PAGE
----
This text is part of:
Table of Contents:
1 Mr. Prescott, not then personally known to Sumner, wrote to him, April 18, 1839: ‘Our friend Hillard read to me yesterday some extracts from a recent letter of yours, in which you speak of your interviews with Mr. Ford, who is to wield the scalping-knife over my bantling in the “Quarterly.” I cannot refrain from thanking you for your very efficient kindness towards me in this instance, as well as for the very friendly manner in which you have enabled me to become acquainted with the state of opinion on the literary merits of my History in London. It is, indeed, a rare piece of good fortune to be thus put in possession of the critical judgments of the most cultivated society who speak our native language. Such information cannot be gathered from reviews and magazines, which put on a sort of show-dress for the public, and which are very often, too, executed by inferior hands. Through my friend Ticknor first, and subsequently through you, I have had all the light I could desire; and I can have no doubt that to the good-natured offices of both of you I am indebted for these prestiges in my favor, which go a good way towards ultimate success. . . . Thanks to your friendly interposition [referring to a forthcoming review of the “Ferdinand and Isabella” in the “Quarterly ” ], I have no doubt this will be better than they deserve; and, should it be otherwise, I shall feel equally indebted to you.’—Prescott's ‘Life,’ pp. 339, 340.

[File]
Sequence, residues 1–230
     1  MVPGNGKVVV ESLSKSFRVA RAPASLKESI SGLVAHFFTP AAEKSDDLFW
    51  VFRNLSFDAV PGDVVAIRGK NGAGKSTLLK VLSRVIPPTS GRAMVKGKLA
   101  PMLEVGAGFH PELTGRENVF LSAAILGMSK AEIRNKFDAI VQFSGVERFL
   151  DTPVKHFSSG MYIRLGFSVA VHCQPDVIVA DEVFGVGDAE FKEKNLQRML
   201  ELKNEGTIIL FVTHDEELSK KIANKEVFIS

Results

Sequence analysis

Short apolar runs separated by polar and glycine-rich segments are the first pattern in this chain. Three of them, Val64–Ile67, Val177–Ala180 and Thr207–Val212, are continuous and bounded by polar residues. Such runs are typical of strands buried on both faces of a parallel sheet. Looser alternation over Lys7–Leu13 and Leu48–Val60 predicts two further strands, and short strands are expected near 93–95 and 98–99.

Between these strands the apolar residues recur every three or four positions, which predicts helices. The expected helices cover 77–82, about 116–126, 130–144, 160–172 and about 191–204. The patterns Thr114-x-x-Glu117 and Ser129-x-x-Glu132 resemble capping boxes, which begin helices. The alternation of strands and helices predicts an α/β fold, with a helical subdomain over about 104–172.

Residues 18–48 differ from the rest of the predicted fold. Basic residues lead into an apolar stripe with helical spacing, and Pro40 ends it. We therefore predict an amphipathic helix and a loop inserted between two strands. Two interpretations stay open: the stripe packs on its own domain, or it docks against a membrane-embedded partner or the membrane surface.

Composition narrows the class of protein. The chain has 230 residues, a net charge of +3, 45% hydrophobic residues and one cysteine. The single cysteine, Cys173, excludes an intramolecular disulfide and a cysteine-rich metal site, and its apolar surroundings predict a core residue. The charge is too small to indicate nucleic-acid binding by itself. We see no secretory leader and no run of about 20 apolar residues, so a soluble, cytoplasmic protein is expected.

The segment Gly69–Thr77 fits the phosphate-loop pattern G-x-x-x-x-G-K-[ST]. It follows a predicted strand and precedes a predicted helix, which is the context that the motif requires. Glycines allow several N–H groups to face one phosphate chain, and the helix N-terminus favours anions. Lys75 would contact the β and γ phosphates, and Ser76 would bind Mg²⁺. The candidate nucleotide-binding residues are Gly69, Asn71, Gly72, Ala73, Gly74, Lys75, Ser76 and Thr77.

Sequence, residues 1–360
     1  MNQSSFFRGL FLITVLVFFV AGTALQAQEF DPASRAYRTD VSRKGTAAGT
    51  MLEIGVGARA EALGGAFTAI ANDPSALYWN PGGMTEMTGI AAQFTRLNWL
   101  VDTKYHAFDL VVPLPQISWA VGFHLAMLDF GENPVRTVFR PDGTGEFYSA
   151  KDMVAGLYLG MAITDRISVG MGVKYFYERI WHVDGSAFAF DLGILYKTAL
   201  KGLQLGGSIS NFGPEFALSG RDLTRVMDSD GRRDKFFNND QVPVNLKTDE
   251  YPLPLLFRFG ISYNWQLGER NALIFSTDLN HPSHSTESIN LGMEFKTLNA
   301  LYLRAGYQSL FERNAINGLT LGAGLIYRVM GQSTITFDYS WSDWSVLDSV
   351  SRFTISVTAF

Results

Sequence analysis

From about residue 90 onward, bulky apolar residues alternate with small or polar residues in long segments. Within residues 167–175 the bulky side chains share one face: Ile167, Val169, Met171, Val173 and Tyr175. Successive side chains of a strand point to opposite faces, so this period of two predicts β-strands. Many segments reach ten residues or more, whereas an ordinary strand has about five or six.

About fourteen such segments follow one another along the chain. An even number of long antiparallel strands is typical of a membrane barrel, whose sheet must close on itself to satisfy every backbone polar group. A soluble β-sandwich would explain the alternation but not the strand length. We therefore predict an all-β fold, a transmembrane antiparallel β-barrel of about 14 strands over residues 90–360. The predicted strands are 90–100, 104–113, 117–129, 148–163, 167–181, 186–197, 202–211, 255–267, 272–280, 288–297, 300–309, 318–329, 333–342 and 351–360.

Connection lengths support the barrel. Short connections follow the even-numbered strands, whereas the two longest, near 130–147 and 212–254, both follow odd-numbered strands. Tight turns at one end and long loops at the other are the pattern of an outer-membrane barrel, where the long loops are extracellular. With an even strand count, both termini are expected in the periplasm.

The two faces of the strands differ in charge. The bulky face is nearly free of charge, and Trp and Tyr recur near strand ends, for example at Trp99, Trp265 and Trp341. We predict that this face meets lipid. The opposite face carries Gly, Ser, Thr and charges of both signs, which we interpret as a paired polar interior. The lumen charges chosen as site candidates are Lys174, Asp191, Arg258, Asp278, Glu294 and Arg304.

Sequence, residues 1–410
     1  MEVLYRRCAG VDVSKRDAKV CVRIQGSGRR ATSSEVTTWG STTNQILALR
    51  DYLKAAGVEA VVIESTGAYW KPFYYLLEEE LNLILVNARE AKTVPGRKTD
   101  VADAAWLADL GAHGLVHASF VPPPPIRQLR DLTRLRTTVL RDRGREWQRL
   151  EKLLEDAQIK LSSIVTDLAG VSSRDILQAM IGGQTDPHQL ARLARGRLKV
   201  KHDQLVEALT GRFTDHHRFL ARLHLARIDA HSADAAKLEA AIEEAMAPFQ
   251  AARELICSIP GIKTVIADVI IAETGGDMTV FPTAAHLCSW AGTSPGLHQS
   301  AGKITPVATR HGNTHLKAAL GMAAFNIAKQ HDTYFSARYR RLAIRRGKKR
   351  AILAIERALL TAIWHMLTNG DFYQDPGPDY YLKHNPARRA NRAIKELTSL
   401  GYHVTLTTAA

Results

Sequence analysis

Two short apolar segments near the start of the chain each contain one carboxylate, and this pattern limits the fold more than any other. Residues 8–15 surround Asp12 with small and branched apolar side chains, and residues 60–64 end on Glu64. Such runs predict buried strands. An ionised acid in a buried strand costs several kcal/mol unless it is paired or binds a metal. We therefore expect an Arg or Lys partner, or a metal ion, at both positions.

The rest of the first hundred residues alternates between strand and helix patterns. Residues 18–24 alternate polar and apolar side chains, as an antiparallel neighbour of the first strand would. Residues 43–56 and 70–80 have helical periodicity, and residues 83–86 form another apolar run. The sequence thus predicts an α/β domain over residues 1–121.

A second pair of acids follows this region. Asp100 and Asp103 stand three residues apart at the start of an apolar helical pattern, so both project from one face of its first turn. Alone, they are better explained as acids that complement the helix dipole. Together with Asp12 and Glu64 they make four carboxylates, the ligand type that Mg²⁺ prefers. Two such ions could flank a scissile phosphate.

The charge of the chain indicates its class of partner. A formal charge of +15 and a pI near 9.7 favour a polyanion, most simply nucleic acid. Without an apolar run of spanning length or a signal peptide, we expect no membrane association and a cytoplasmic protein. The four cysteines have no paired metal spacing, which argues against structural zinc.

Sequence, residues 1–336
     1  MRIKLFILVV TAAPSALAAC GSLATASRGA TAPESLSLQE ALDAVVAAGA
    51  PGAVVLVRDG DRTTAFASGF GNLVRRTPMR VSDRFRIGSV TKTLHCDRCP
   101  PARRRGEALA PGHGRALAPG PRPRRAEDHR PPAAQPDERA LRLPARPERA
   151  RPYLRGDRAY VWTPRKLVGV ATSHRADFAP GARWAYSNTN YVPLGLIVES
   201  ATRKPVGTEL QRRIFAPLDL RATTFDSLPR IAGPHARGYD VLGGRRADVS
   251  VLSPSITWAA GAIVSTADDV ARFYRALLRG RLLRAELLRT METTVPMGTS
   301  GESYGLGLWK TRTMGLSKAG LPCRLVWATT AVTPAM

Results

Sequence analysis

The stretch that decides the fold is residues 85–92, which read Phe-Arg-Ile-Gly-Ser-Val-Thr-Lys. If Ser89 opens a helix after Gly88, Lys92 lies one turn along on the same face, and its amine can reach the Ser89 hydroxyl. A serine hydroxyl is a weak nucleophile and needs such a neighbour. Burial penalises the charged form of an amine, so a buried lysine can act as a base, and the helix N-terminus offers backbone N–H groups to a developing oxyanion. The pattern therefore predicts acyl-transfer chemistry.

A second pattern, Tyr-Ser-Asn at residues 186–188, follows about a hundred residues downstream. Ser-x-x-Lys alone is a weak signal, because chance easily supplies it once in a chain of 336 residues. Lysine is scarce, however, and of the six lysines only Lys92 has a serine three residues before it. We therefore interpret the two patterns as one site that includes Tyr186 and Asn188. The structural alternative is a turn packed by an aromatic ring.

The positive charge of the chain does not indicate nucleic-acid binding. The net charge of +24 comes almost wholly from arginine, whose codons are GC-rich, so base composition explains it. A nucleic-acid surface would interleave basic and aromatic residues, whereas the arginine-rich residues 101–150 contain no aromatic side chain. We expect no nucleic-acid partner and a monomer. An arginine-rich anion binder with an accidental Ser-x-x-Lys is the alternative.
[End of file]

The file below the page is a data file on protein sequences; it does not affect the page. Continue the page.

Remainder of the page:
2 The ‘Voices of the Night’ was not published till 1839.
This work is licensed under a Creative Commons Attribution-ShareAlike 3.0 United States License.